Answer by: Randy on Nov 25, 2017, 10:39 AM
I been reading a lot about over dosing GFO and removing ALL phosphate thus starving corals. Is that an issue one should be concerned with when using this product?

Question by: Michael on Oct 9, 2017, 1:15 AM
Hey there,
Thanks for getting in touch with us in regards to having too low of phosphate to allow for healthy corals. If you are using this and are not supplementing in amino acids/ target feeding, there is a change of corals bleaching and dying off slowly due to low availability of nutrients that they need. Please let me know if there is anything else that we can assist with. Thanks!
Answer by: Tyler Schafer on Oct 14, 2017, 3:37 PM
Hello Folks, In my red Sea reefer 350, 91 gal total, I'll assume 80 gal or less total water, but based on a phone call to you folks, I purchased the 5" mini reactor and run about 1/2 cup ROX 0.8 and 1/2 High Cap GFO. My problem is, I'm wasting GFO it seems. The recommendation for the carbon is to change every 2 weeks, but the recommendation on the GFO is every 4 to 8 weeks. These don't match up well at all and I'm throwing away the High Cap GFO too early. Any better options ? I'm running one canister due to sump size limitations. Should I switch one of the two products ? thanks.
Question by: Jeff Northcutt on Jun 6, 2017, 10:14 AM
Hi Jeff,

That's a great question! What we have found to work well for us is to cut the amount of gfo down based upon your change frequency. For example, if you change your carbon every two weeks, and would normally change your gfo every 4 weeks, just use half as much gfo as the calculator recommends and this will bring the gfo capacity more in line with your carbon schedule and avoid wasting extra media.

Happy reefing!
Answer by: Zack on Jun 13, 2017, 4:02 PM
How often does this need to be replaced?
Question by: Eric on Jan 10, 2017, 8:22 AM
Great question! Typically, the standard GFO lasts me around two weeks and the High Capacity lasts me more around four weeks. Those may vary depending on the amount of phosphates in your tank and that is introduced into your tank. :-)

Answer by: Randy on Jan 10, 2017, 12:26 PM
Do you need to rinse the GFO HC?
Question by: Joshua Guzman on Mar 30, 2016, 8:09 AM
Great question!
It is a good idea to rinse GFO quickly with tank water to wash off any small dust. Feel free to let us know if you have any further questions!
Answer by: Connor on Mar 31, 2016, 6:47 PM
Hi, I have a 150gal. Freshwater African cichlid tank setup. I am interested in buying one of your GFO reactors but not sure which one for my size tank and how much HIGH CAPACITY GFO should I use in the reactor? Also will this help keep down that brown diatom growth on my rocks?? Thank you for your help!! Mark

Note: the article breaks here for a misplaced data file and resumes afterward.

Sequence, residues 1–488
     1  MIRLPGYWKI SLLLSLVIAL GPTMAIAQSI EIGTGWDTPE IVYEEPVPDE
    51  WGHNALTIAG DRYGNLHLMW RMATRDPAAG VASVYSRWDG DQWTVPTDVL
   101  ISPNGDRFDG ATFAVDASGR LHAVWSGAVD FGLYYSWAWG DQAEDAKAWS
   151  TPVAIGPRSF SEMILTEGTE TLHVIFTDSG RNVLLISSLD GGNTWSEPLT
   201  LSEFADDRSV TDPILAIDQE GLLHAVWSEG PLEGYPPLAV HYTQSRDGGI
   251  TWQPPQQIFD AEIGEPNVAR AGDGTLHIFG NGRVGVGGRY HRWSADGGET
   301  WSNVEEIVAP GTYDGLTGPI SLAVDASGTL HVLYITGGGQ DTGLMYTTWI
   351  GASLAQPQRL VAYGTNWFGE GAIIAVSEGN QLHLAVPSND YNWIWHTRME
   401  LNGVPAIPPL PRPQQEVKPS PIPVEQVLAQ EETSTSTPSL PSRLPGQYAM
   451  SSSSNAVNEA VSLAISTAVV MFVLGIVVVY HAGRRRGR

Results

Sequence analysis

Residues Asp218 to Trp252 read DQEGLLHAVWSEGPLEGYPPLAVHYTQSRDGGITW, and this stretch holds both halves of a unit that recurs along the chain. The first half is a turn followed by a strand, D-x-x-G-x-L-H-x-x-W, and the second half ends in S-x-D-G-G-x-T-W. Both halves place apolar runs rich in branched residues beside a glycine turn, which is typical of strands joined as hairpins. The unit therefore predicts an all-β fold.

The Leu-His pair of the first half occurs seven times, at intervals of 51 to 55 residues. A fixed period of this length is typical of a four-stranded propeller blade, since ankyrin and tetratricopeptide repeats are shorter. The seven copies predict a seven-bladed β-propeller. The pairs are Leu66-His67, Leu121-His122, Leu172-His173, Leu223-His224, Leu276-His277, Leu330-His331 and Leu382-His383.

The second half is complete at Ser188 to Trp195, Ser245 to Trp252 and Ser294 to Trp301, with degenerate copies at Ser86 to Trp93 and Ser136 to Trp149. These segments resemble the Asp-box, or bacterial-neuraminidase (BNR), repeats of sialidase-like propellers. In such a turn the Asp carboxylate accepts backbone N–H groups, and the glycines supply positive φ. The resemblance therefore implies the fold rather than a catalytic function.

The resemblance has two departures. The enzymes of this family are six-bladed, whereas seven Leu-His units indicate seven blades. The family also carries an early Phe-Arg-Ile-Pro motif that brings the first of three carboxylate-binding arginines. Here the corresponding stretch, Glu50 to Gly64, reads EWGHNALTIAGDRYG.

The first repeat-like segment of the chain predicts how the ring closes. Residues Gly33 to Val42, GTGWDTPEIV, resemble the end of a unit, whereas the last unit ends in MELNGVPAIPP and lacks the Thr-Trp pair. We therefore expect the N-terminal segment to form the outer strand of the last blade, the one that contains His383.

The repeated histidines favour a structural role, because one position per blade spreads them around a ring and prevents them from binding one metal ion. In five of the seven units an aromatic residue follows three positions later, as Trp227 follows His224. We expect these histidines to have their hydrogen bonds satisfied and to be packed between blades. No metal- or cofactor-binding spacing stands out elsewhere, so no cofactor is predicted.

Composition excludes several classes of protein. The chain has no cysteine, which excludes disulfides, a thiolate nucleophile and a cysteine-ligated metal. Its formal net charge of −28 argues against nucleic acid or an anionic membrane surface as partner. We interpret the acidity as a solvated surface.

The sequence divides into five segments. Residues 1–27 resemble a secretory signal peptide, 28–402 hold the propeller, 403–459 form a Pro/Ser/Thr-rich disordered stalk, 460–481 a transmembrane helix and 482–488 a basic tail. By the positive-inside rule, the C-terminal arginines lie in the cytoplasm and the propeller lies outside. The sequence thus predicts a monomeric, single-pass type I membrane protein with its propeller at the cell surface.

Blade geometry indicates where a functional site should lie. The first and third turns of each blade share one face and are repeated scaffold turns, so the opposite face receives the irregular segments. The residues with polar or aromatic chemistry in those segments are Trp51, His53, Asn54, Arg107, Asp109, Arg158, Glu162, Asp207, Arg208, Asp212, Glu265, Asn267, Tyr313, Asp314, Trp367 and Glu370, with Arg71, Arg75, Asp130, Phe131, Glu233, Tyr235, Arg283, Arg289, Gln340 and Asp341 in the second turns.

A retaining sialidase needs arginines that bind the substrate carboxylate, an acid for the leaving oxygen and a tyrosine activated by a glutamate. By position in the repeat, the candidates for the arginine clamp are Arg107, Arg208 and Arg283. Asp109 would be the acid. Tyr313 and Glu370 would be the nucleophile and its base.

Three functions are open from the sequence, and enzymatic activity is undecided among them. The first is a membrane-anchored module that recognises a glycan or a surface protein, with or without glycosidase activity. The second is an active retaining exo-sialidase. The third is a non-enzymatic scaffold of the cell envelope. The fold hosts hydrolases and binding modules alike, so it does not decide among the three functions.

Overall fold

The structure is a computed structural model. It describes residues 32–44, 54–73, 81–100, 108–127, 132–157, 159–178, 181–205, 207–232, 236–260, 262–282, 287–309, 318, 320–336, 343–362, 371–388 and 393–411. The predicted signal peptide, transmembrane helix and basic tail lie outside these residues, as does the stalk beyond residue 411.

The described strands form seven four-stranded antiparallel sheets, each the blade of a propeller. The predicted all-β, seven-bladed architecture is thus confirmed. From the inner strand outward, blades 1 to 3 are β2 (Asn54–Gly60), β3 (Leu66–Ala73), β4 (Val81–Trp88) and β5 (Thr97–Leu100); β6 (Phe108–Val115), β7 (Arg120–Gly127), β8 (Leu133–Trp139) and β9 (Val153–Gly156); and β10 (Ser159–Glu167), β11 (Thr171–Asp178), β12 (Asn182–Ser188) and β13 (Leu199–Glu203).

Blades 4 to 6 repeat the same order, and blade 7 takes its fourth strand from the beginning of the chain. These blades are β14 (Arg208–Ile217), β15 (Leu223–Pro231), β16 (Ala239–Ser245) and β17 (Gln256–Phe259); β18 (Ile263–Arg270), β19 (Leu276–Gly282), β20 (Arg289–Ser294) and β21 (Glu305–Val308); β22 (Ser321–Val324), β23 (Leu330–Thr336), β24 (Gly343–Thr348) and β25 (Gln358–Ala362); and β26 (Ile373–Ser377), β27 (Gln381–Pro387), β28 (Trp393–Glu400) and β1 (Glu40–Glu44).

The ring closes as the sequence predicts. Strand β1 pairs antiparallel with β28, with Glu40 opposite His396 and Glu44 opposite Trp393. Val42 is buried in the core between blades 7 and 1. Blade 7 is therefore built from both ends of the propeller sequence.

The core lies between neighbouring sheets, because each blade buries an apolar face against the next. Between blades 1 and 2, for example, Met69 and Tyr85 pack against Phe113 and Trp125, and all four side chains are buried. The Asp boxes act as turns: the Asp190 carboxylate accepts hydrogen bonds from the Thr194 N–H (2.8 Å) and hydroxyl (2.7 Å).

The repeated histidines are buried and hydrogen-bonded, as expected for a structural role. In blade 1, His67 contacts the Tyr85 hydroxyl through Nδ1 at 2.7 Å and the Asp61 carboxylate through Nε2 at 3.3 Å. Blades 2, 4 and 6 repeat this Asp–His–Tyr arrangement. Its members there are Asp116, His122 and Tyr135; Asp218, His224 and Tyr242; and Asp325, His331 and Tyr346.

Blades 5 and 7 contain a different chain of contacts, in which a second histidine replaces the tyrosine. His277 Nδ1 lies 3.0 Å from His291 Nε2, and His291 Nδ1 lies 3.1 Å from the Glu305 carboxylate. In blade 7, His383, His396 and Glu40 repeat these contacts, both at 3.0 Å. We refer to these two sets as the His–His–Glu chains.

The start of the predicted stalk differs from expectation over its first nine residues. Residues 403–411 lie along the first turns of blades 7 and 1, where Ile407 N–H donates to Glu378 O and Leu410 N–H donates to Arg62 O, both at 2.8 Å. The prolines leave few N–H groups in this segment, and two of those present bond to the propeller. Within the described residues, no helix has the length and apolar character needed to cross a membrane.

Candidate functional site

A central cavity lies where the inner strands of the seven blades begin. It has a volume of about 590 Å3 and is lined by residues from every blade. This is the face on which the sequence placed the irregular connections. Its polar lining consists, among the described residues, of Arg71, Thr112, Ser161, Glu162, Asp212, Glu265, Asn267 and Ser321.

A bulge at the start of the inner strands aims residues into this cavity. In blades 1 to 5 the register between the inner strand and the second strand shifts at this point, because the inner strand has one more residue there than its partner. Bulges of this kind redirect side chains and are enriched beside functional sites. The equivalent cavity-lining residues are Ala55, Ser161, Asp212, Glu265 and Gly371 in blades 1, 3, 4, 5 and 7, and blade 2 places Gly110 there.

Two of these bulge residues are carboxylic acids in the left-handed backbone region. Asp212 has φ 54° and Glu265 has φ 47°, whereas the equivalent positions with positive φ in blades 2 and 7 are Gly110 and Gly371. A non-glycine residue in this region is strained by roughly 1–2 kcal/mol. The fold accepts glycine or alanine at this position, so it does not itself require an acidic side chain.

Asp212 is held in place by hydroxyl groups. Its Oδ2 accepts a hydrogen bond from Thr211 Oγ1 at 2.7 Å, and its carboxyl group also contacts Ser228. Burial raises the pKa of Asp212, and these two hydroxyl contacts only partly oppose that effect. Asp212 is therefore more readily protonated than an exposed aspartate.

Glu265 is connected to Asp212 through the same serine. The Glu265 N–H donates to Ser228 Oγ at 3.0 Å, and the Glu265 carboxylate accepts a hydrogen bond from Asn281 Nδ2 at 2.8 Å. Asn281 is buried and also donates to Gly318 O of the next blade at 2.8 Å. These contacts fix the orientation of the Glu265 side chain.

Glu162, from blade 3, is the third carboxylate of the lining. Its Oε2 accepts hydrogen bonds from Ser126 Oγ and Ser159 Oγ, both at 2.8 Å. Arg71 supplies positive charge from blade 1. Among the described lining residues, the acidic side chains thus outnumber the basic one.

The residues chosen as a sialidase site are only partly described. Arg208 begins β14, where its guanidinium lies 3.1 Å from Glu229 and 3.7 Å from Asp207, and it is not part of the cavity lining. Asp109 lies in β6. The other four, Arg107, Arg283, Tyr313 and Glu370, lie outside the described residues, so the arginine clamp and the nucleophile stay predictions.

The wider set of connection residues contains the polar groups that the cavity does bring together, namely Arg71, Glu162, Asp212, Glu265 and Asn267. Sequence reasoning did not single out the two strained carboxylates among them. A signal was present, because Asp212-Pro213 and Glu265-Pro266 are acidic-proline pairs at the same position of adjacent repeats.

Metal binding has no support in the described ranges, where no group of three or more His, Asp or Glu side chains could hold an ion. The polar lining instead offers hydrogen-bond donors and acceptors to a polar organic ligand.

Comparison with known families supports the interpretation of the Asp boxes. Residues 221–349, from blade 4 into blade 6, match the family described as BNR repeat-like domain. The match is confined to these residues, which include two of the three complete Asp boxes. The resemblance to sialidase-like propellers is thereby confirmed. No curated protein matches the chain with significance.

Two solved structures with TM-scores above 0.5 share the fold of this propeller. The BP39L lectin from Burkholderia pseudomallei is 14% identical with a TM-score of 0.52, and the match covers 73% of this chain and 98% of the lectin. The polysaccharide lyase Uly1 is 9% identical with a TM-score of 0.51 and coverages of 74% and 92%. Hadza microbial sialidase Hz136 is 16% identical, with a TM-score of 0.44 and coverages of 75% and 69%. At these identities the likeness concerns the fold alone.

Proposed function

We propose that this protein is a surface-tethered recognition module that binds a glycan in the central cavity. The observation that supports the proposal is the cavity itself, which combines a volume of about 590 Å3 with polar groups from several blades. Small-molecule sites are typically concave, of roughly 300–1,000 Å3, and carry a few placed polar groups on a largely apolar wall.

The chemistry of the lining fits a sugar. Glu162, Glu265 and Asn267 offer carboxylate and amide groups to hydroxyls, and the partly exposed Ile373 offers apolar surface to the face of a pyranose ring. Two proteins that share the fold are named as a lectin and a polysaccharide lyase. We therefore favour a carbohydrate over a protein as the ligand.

Question by: Mark on Mar 10, 2016, 1:35 PM
Great question!
Overall you will use our aquarium calculator to find the correct amount between 2.5 cups for regular GFO and 1.25 cups for High Capacity. With this said you can use a single reactor for High Capacity and a larger reactor would be needed for the regular GFO. Feel free to let us know if you have any further questions!
Answer by: Connor on Mar 10, 2016, 4:09 PM
Will this product also remove silicates?
Question by: Ron on Jun 5, 2015, 4:34 PM
That is a great question!
GFO will help to remove silicates from the water slightly. It sole purpose however is for phosphate removal.
Answer by: Connor on Jun 8, 2015, 2:10 PM
How many cups are there in the 1/2 Gallon (3.5 lbs.) of HC GFO?
Question by: Adam on Feb 6, 2015, 5:36 PM
Great Question Adam!
There will be 8 cups in a half gallon container.
Answer by: Bulk Reef Supply on Feb 6, 2015, 5:36 PM
Can the HC GFO tumble more than the standard, higher flow? I am also using the filter pads on the top to help keep the particles in better. Your thoughts would be great.
Question by: Chad on Jul 7, 2014, 2:50 PM
Hi Chad,
The GFO HC is a denser/harder product which means it can handle more flow without breaking down (though at the same flow, its tumbling characteristics would be about the same). If you are trying to increase flow you could also remove the sponge pads in the reactor when using GFO.
Answer by: Bulk Reef Supply on Jul 7, 2014, 2:50 PM
will this product leach phos back in the tank?
Question by: Eddie on Apr 21, 2014, 5:05 PM
Hi Eddie,
It will not release back phosphates under aquarium conditions.
Answer by: Bulk Reef Supply on Apr 21, 2014, 5:05 PM
Question by: jerry on Apr 1, 2014, 2:16 AM
Answer by: Bulk Reef Supply on Apr 1, 2014, 2:16 AM
Will this work in a phosban 150?
Question by: Jeff on Nov 29, 2013, 9:32 AM
Hey Jeff,
It sure will. Its a great combo if you need something that is hang on back!
Answer by: Bulk Reef Supply on Nov 29, 2013, 9:32 AM
what is the amount of GFO HC you would normally run in a 120 gallon reef?
Question by: Skopp on Oct 15, 2013, 3:19 PM
They there,
For a tank that size you would want to run 1 cup of GFO. The easiest way to do the math is to use the BRS Calculator right here:
Answer by: Bulk Reef Supply on Oct 15, 2013, 3:19 PM
Does the high capacity GFO have to be tumbled in a reactor or could I place it in a media bag and put it in a high flow area of my sump?
Question by: Kevin on Oct 10, 2013, 10:31 AM
Hey Kevin,
It is best when tumbled in a fluidized bed reactor as the media otherwise has a tendency to harden into a brick, but even placed in a filter sock would be better then nothing.
Answer by: Bulk Reef Supply on Oct 10, 2013, 10:31 AM
How much do u start out with in your reactor? Is there a measurement per gallon ratio?
Question by: Brandon on Oct 4, 2013, 12:46 PM
Hi Brandon,
It depends on how large your tank is. The easiest way to do the math is to use our reef calculator at the link below. You enter the size of the tank and the type of GFO you want to use, it will tell you how much GFO to add.

Answer by: Bulk Reef Supply on Oct 4, 2013, 12:46 PM